Girlfriends (or Boyfriends) and the Mission

Yep, it’s time for that topic that so many people wonder and worry about. What do you do about girlfriend/boyfriend relationships when you’ve been called to serve a mission? In my own experiences and the experiences of others, I have seen a wide variety of outcomes when it comes to those who chose to steady-date someone before their mission. The choice of whether or not to steady-date can greatly affect how focused you are on your work as a missionary.

I’ll start with my own personal experience. I started steady-dating a girl shortly before I left for my mission, even though I had previously determined this would not be the best move on my part. And while I certainly enjoyed regularly receiving letters, I eventually started to realize that I was not emotionally mature enough to know that this was a relationship I would actually want to continue post-mission, and as much as I hated to admit it, it was also a relationship that occasionally proved distracting from my work as a missionary. After praying and receiving a confirming answer from the Lord, I wrote my last letter to her and ended the relationship. I found that after ending the relationship, I was able to better focus on the work and just felt a greater feeling of peace regarding the future. Even though it took me too long to get around to it, I know that ending that relationship helped me become a better missionary.

Obviously this goes against the stereotypical “Dear John” experience that it seems at least half the missionaries in the field go through. Out of all the elders who had girlfriends in my MTC district, only one other elder did not get a “Dear John” letter ending the relationship. And the one elder who didn’t get that sad letter ended up marrying a different girl when he got home.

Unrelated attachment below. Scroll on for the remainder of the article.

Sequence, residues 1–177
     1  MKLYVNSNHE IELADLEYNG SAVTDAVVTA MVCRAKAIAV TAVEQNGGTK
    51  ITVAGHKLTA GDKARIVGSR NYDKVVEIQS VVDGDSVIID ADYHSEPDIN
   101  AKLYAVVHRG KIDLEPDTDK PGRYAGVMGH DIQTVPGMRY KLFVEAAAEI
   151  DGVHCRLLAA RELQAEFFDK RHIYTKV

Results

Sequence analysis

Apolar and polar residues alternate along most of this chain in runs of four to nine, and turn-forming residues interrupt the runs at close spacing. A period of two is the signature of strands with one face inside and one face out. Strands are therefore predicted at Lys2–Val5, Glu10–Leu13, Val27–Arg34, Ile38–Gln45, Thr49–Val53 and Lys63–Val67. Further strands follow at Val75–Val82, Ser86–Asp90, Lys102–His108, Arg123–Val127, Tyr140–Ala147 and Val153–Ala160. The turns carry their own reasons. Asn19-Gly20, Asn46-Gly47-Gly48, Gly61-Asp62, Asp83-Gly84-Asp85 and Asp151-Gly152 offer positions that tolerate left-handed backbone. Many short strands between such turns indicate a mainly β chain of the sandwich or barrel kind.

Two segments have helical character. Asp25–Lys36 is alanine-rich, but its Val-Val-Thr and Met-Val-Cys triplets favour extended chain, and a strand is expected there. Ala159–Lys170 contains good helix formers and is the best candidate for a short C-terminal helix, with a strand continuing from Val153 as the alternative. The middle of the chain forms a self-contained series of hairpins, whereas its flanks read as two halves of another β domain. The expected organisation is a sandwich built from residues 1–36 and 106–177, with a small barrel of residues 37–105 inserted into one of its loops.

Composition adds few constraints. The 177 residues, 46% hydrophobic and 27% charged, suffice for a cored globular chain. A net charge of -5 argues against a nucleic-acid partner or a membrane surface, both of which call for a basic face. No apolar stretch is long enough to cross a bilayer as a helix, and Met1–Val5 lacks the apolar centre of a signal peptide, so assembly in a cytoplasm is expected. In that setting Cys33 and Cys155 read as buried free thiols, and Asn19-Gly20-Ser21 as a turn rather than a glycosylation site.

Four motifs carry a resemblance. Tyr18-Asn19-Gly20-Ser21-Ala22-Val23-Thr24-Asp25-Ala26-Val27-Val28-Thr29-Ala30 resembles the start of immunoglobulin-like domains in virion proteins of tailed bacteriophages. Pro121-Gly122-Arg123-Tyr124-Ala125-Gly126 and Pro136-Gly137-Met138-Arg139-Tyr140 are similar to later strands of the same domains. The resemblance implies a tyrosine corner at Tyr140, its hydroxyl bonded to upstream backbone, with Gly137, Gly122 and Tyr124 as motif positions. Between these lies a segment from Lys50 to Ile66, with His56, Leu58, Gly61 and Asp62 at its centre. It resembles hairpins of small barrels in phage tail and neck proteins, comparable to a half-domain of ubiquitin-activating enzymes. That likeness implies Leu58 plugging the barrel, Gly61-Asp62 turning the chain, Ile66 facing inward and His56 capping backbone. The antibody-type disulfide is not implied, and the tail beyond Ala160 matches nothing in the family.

These experiences illustrate to me the truth in what the prophets have long taught regarding steady dating before the mission. President Ezra Taft Benson said in an an address to the young women of the Church: “Avoid steady dating with a young man prior to the time of his mission call. If your relationship with him is more casual, then he can make that decision to serve more easily and also can concentrate his full energies on his missionary work instead of the girlfriend back home.”
There are good reasons for this counsel to be given. And while it’s true that there are exceptions to the rule (my grandfather and one of my best friends from high school both married the girls they were dating before their missions), it’s important to keep in mind that these are exceptions. The two years (or eighteen months) that you will spend on your mission are a life-changing experience, during which both you and the people you used to associate with at home will change dramatically.

Simply put, the vast majority of pre-mission dating relationships don’t work out, and can actually be detrimental to your service. Looking back, I wish I had avoided steady dating immediately before my mission, because it would have helped me remain more focused during those early months of the mission.